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Tout Alors! The French Get Wound Up over Google Print

The eponymous blog On Language has an amusing discussion, complete with translations, of a rather nervous Le Monde editorial about Google Print by Jean-Noël Jeanneney, head of the Bibliothèque Nationale de France (BNF).

Jeanneney is worried to the point of near-hysteria about “the risk of a crushing domination by America in defining the idea that later generations will have of the world […]” Even if you agree that Google Print has long-range ramifications the participating libraries may not have thought of, Jeanneney is way over the top. “This is the hour for a solemn appeal. It rests with those responsible for the Union, in its three major branches, to act without delay — for soon, the place will be taken, habits will be established, it will be to late to move.” You decide: is he responding with his observations about a digitization project by a major search engine, or calling for the French Revolution, Part Deux?

However–and honest to Pete, here at FRL it isn’t really Pick on Michael Gorman Month–Jeanneney’s anxious and misplaced concerns aren’t that far off from the comments Michael Gorman voiced in the Los Angeles Times on December 17, 2005. Gorman’s commentary, “Google and God’s Mind,” is now hidden behind the iron database curtain, but it is (still) legal to quote from it, within reasonable guidelines, Tulsa World be damned.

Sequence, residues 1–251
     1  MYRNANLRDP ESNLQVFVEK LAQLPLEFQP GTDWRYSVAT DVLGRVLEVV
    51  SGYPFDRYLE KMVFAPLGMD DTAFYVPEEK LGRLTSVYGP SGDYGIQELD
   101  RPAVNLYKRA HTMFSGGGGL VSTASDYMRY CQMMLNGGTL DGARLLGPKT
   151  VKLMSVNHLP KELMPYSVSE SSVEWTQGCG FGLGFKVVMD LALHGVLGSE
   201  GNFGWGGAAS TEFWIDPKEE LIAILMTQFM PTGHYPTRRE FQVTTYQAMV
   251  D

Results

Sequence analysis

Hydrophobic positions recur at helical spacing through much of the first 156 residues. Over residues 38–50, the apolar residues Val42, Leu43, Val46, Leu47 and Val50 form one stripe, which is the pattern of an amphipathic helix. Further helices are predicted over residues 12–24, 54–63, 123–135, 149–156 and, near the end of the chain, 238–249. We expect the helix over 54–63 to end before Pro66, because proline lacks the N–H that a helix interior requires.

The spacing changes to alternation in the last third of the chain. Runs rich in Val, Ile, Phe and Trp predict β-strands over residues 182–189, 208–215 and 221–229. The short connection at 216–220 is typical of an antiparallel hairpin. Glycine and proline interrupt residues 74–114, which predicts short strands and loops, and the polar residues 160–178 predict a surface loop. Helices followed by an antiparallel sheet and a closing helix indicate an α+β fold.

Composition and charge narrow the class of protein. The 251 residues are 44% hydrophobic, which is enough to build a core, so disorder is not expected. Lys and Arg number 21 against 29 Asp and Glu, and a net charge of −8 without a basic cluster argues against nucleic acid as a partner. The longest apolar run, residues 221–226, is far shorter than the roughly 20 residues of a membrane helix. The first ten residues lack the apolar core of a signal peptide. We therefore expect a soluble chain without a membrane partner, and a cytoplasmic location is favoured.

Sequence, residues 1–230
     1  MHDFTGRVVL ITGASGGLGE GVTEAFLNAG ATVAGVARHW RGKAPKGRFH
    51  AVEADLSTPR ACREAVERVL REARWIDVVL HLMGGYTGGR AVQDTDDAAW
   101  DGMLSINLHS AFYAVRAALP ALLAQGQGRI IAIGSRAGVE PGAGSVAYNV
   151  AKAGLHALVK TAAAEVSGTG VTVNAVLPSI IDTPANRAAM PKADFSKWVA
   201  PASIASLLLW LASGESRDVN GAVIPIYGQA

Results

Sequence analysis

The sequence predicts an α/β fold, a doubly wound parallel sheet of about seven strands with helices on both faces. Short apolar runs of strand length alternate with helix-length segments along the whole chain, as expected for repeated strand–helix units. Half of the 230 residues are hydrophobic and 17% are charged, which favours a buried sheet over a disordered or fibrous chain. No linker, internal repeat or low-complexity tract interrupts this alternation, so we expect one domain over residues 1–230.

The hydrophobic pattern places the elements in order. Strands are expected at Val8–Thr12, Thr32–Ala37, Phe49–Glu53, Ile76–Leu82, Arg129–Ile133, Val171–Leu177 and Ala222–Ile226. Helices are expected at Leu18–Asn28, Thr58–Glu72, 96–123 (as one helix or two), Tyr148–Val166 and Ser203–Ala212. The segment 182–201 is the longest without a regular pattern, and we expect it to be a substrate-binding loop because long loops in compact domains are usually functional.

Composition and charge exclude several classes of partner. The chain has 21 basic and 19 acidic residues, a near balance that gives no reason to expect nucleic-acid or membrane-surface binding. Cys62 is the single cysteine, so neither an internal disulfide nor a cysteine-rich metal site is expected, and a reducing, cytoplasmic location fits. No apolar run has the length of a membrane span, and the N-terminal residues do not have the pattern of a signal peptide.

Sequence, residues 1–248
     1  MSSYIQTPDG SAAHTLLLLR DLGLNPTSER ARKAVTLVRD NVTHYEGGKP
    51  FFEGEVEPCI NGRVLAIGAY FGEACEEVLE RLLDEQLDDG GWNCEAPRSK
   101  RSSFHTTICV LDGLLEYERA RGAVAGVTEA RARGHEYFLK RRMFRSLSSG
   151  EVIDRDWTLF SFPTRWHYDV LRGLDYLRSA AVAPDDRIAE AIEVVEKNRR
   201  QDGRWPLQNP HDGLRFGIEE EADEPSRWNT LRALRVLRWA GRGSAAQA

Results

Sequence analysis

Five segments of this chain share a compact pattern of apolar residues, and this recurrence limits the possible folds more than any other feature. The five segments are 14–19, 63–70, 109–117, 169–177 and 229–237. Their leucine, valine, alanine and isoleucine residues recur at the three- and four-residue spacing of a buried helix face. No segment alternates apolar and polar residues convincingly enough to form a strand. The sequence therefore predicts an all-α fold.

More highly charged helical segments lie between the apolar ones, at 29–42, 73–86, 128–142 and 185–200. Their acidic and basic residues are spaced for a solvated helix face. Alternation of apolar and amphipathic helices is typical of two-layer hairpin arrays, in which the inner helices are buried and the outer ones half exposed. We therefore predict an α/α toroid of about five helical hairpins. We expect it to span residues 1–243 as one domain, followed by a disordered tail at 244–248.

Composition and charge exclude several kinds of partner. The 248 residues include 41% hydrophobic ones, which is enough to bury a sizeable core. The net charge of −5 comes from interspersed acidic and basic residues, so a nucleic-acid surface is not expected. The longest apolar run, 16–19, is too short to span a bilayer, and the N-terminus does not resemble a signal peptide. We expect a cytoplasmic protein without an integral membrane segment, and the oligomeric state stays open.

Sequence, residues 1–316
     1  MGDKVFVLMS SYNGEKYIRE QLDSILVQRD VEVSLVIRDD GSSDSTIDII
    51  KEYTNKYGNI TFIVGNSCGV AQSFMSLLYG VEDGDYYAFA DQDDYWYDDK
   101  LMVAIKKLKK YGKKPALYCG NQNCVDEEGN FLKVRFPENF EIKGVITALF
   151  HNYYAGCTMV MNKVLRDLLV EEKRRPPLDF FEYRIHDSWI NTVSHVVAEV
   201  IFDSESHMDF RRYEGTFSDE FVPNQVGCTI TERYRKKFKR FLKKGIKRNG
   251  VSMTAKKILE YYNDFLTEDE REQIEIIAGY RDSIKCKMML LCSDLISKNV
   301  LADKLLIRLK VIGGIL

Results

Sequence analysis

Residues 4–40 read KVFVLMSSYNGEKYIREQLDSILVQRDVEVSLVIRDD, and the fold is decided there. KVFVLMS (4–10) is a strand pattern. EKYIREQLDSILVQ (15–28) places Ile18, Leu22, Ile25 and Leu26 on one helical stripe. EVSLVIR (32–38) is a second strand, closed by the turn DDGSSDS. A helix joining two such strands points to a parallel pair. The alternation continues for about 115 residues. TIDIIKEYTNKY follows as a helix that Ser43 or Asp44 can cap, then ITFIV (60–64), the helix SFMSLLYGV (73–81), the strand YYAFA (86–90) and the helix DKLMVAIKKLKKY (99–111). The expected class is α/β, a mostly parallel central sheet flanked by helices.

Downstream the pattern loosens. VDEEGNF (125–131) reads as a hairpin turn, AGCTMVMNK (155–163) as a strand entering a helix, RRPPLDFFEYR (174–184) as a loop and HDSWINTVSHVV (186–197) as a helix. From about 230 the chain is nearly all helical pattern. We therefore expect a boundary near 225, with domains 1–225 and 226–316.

Gorman, after a snide comment about “the boogie-woogie Google boys,” argues not simply against Google Print but against any digitization of recorded knowledge: “The books in great libraries are much more than the sum of their parts. They are designed to be read sequentially and cumulatively, so that the reader gains knowledge in the reading.” Who made up that rule? And do librarians really force people to check out books in sequential order? Books don’t come with operating instructions; if I want to read Harry Potter V before Harry Potter IV, the Fiction Police will not descend on my house. Just recently I read Thoreau before I read Emerson, and I am really none the worse for wear.

Gorman apparently missed the last five years, as well, since he argues, “Are you going to [read books] online, assuming it’s out of copyright? (In the Google scheme, hundreds of thousands of books in copyright will not be available to be read as a whole.) Not many would choose to stare at a screen long enough to do that.” Tell it to Overdrive on their way to the bank. And furthermore, isn’t the real tragedy of our expensive integrated library systems that they can only search the bare bones of metadata? If nothing else, the findability of recorded knowledge should expand dramatically when it is no longer held captive in paper.

Jeanneney and Gorman would be merely amusing if they did not have bully pulpits by virtue of their position of power. However, I can laugh when Jeanneney panics over Google. He’s French. I can’t laugh when Gorman represents librarianship, my profession, with outlandishly reactionary comments about information technology. I can only worry.

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